|Latitude & Longitude (WGS84):||43° 40' 14'' North , 71° 0' 29'' West|
|Latitude & Longitude (decimal):||43.67056,-71.00806|
|Köppen climate type:||Dfb : Warm-summer humid continental climate|
Granite pegmatite. Opened in 1877. Mined for mica, feldspar, and beryl.
The Ham and Weeks Educational and Recreational Area is currently operated by the Maine Mineralogical and Geological Society (MMGS). The site is leased by MMGS, and access is limited to MMGS members. According to the MMGS website:
"Ham and Weeks Mine was first developed by the Mineral Hill Mining Corporation, formed August 7, 1877, by Samuel B. Ames. Shares were sold to buy equipment and mining rights in the area. Originally called the Mica Mine, 2 or 3 acres were worked and the mica was sold for use in stove windows and lamp chimneys. Operations didn’t last too long. As the pit depth increased, an underground spring flooded the pit, and pumps couldn’t keep up with the flow. The original pit is believed to be south of the present pit. The mine was inactive until 1914 or 1915, when the present pit was opened for mica to be used in gas masks for soldiers in WW I. The mica was taken by horse-drawn carts to East Wakefield and loaded unto trains. The mine was closed after a year or two, then re-opened a third time in the 1930’s, when mica was used as electrical insulation in early crystal radio sets; beryl was also reportedly mined for war use."
Cameron et. al. (1954) described the deposit, referred to as the Weeks Feldspar Quarry (named for the owner, Raymond B. Weeks of Burleysville [sic], N.H.): "in the 1920's...feldspar, scrap mica, and beryl were recovered. In the early 1930's, a Mr. Day, Kittery, Maine, operated the quarry for feldspar and scrap mica...In September 1942, J. D. Bardill, District Engineer for the Bureau of Mines, arranged a sampling program under the direction of E. E. Maillot and W. H. Evans. The Bureau of Mines quarried beryl from the north and west sides of the pit, dug 10 small pits and trenches, and drilled 5 horizontal jackhammer holes 12 to 16 feet long in an effort to locate the contacts of the pegmatite. They also pumped out the flooded part of the pit."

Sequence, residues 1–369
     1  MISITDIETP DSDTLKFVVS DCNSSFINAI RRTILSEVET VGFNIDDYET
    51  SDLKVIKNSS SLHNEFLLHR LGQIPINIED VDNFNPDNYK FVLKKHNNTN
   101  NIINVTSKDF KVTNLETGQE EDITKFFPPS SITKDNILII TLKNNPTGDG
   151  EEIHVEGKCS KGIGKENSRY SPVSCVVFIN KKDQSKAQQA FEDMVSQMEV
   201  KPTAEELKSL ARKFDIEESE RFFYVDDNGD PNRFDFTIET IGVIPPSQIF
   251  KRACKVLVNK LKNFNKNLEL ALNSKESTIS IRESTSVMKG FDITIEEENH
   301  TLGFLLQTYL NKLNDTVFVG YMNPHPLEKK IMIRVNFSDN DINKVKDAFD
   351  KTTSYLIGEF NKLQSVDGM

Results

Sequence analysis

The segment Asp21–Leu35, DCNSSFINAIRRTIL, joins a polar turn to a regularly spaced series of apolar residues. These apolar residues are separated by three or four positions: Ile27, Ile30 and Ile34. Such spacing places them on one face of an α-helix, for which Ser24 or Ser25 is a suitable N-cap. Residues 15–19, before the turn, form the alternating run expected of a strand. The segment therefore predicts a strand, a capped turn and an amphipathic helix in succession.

Commodity ListThis is a list of exploitable or exploited mineral commodities recorded at this locality.
26 valid minerals. 2 erroneous literature entries.
This geological map and associated information on rock units at or nearby to the coordinates given for this locality is based on relatively small scale geological maps provided by various national Geological Surveys. This does not necessarily represent the complete geology at this locality but it gives a background for the region in which it is found.
Click on geological units on the map for more information. Click here to view full-screen map on Macrostrat.org
|Pennsylvanian - Mississippian|
298.9 - 358.9 Ma
|Two-mica granite of the Sebago batholith and Effingham pluton of eastern New Hampshire|
Age: Carboniferous (298.9 - 358.9 Ma)
Comments: Sebago batholith = 325+/-? Rb/Sr per NH026. 325+/-3 U/Pb per NH017. 298+/-2 U/Pb per J.N. Aleinikoff, oral commun., Dec. 24, 1992. Effingham pluton = 325+/-? Rb/Sr per NH026.
Reference: Horton, J.D., C.A. San Juan, and D.B. Stoeser. The State Geologic Map Compilation (SGMC) geodatabase of the conterminous United States. doi: 10.3133/ds1052. U.S. Geological Survey Data Series 1052. 
|Devonian - Silurian|
358.9 - 443.8 Ma
|Paleozoic intrusive rocks|
Age: Paleozoic (358.9 - 443.8 Ma)
Lithology: Intrusive igneous rocks
Reference: Chorlton, L.B. Generalized geology of the world: bedrock domains and major faults in GIS format: a small-scale world geology map with an extended geological attribute database. doi: 10.4095/223767. Geological Survey of Canada, Open File 5529.